Words: Scott Creney
The obituary this week says he was 60 when he died, though if you ask me the bastard didn’t look a day over 80. But then Mark E. Smith (the E stands for eternal), leader & lyricist & lynchpin of UK band The Fall, always gave the impression that he did whatever he wanted to whenever he felt like doing it. And most of the time what he felt like doing was ingesting vast quantities of alcohol & speed, which means the death of Mark E. Smith (the E stands for embalming fluid) can be called many things, but it definitely can’t be called surprising. Of course, in the cosmic sense, no one’s death should ever come as a surprise; death is the least surprising thing that will ever happen to any of us.
I can’t help wondering if Mark E. Smith (the E stands for embalming fluid) felt free. He was envied, as well as emulated, by at least three generations of critics & fans, many of whom lamely tried to live vicariously through his scattershot vitriol, his excess, his indulgence (endulgence?). Was that Mark E. Smith the person, or Mark E. Smith (the E stands for enigmatic) the persona? If I’d ever gotten the chance to interview him, the first question I’d have asked would be this:
How much of your day is spent doing things you don’t want to do?
Not to say he would’ve given me a straight answer, or even answered it at all, but that’s what I kept thinking about when I heard the news of his death, when I went to the store and brought home a 4-pack of his beloved Boddington’s, and when I stayed up through the night listening to the music he left behind.
And what music it was. A group of friends spending their mid-70’s UK existence devouring literature & drugs, The Fall came along at the perfect time—in the wake of the Sex Pistols and the explosion of punk—to start a band and get noticed. They were angry enough to be inspired by punk, but well-read enough to name themselves after a Camus novel. And Mark E. Smith was ambitious enough (the E stands for expunge) to take charge of the band and rule it w/an iron fist, going through band members over the next four decades the way a chronically depressed person goes through medications both prescription & self-, while creating as unique & singular a vision as has ever appeared in music.
What Beefheart, along w/certain free jazz pioneers, did to the possibilities of rhythm, Mark E. Smith did to lyrics. That is to say he blew language into another dimension, sifted through all the fragments, and rearranged it in a way that made sense to him. He found out he didn’t need to rhyme; there didn’t need to be a chorus (but b/c he was more interested in freedom than rebellion, he still rhymed when he felt like it; he occasionally wrote choruses). The fact that those words, those texts, were accompanied by music every bit as strong and as fine, is why people call him a genius. Here are The Fall on television in 1983. It’s a performance as sinister & claustrophobic as anything in rock.
As a singer, Mark E. Smith always reminded me of James Brown w/his inflections & his screams, his intra-band discipline & shouted instructions. Even the groove, extended & relentless, echoes JB, while the violent surrealism of the lyrics (well-fed, in a welfare way) anticipates future hip-hop linguistic triumphs of Ghostface Killah, Anticon, &tc.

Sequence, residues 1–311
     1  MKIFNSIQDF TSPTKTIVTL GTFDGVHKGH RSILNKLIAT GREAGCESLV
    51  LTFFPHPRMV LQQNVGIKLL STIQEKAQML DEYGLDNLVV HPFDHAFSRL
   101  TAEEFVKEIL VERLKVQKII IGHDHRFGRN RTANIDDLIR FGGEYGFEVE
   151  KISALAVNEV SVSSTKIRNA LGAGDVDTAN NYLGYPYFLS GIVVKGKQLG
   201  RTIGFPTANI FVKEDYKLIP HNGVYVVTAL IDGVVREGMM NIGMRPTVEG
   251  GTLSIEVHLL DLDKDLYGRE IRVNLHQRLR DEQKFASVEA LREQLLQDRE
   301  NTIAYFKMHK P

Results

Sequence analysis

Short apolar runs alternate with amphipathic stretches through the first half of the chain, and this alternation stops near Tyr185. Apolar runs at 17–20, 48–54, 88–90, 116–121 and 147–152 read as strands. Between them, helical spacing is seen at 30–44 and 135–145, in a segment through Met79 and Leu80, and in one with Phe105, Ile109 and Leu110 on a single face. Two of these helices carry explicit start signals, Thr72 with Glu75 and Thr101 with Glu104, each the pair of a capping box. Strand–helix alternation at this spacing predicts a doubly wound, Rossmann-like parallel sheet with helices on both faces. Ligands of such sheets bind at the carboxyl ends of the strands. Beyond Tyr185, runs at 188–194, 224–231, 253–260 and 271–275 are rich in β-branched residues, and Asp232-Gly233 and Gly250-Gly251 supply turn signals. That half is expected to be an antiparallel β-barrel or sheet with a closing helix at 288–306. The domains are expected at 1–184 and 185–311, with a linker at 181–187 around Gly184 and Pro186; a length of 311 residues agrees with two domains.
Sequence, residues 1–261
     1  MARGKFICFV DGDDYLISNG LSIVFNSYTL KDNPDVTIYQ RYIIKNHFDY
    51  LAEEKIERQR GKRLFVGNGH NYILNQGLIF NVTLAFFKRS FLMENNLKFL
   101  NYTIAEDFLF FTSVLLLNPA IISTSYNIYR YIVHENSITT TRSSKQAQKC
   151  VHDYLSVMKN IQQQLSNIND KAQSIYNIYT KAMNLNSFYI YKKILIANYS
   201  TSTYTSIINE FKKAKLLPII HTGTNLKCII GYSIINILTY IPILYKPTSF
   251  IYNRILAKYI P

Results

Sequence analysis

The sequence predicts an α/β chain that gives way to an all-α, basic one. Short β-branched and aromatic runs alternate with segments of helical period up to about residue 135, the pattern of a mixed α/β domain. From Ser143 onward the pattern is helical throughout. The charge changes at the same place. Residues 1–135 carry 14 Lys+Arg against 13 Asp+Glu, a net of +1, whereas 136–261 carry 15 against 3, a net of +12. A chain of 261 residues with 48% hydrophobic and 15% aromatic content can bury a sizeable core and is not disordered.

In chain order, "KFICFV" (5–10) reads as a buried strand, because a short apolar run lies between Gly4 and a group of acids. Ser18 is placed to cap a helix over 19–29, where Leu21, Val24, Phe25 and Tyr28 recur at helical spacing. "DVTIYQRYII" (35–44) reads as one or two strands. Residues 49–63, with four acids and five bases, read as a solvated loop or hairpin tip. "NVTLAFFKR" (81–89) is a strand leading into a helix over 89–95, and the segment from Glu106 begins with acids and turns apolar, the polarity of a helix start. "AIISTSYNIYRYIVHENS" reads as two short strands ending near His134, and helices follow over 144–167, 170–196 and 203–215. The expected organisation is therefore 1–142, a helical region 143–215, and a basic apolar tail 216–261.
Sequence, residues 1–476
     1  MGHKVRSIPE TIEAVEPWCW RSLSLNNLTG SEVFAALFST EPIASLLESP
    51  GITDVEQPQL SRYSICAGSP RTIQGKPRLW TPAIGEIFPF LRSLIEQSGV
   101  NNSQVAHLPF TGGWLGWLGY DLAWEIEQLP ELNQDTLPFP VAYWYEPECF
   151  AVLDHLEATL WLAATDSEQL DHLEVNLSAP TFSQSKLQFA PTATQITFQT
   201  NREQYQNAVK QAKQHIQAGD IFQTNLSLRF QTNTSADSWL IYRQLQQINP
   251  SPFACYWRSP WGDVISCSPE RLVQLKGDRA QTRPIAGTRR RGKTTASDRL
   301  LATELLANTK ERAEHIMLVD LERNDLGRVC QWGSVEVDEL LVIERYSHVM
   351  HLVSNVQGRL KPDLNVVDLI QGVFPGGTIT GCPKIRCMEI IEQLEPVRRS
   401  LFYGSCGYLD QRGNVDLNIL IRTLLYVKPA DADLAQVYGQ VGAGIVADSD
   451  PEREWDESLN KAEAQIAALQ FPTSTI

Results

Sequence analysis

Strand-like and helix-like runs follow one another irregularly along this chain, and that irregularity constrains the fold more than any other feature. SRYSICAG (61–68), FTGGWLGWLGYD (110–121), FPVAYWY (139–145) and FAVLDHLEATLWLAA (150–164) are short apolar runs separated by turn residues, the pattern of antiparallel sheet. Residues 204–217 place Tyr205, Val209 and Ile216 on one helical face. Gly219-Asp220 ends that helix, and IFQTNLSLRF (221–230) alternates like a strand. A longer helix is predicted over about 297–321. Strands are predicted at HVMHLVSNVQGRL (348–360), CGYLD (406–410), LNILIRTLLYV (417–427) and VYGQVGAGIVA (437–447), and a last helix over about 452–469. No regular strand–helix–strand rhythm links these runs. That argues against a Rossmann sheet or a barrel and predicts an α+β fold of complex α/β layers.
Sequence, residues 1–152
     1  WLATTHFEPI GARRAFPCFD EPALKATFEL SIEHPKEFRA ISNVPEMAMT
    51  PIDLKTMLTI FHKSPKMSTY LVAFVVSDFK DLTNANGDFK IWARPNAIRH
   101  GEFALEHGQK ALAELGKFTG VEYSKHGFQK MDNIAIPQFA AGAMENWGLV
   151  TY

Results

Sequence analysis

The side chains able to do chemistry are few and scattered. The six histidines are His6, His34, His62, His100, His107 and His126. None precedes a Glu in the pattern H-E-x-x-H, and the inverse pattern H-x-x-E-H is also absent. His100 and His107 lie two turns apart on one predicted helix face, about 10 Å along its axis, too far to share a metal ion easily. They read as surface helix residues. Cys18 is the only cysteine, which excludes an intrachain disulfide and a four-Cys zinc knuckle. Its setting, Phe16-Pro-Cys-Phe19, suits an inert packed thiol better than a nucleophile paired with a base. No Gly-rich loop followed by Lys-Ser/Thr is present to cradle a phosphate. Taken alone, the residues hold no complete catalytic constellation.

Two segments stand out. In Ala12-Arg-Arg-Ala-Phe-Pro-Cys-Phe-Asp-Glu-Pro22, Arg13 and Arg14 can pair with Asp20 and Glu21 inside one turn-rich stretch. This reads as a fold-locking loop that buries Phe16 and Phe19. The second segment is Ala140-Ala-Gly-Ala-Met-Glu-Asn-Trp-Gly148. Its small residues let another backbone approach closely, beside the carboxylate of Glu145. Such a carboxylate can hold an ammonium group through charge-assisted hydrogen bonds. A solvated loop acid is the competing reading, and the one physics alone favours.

There was something elemental in their music. Even when it incorporated drum machines, or sequencers, or synths, it still sounded primal, like it had been excavated, like it had somehow just emerged. The same way all our endless variations of human existence is rooted in the four proteins that make up our DNA, the way endless combinations of personhood can be formed out of different combinations of the simplest materials, The Fall music manages to sound simultaneously simple & infinite all at once. They made 32 studio albums during their existence: each one unique, each one still sounding like the same band.
My favorite of these albums—this week at least—is 1982’s Hex Enduction Hour. And my favorite song on it is the 10-minute closer ‘And This Day.’
The song’s lyrics are more or less inscrutable as far as any concrete meaning goes, but I’ve always thought it’s about the tediousness of day-to-day life. I imagine each mention of the title signifies the beginning of a new day. Mark E. Smith (the E stands for ennui) sings it exactly 30 times, so we can say the song tells the story of a month, a lunar cycle—day by day, the moon grows full. Some days nothing happens. Some days ‘the old feelings come back, just no fucking respite.’ Occasionally long stretches of time pass between each day/’day’, nothing but ceaseless clattering noise. The song feels like life itself—monotonous, frustrating, but ultimately beautiful. The Fall’s music taught me how to find beauty in ugliness, magic in gray tedium, and inspiration in chaos.
And while you wouldn’t want to share a tour bus with him, or a marriage, or a slow late-night elevator ride, we should all feel grateful that we got to share a planet—and the now-and-then wretchedness of our collective existence—with Mark E. Smith. In this paragraph at least, at last, the E stand for elegize.
Ultimately though, the E stands for Edward, because Edward was the man’s middle name, and in the end he was a man. That man is dead, but the work he created will live for as long as there are ears to hear it. And so here’s a video of my 3 1/2-year-old son and I doing a bit from his favorite Fall song the night Mark Edward Smith died. The kid found it himself a few months ago while digging through a pile of CDs. If he hadn’t been getting over the flu I would’ve gotten him to do the cool dance he does to this song. This song makes him happy, and so the E also tands for eternal.
Mark E Smith tribute from the next generation pic.twitter.com/s4Wyw0B35u
— RhymesWithPenny (@ScottCreney) January 24, 2018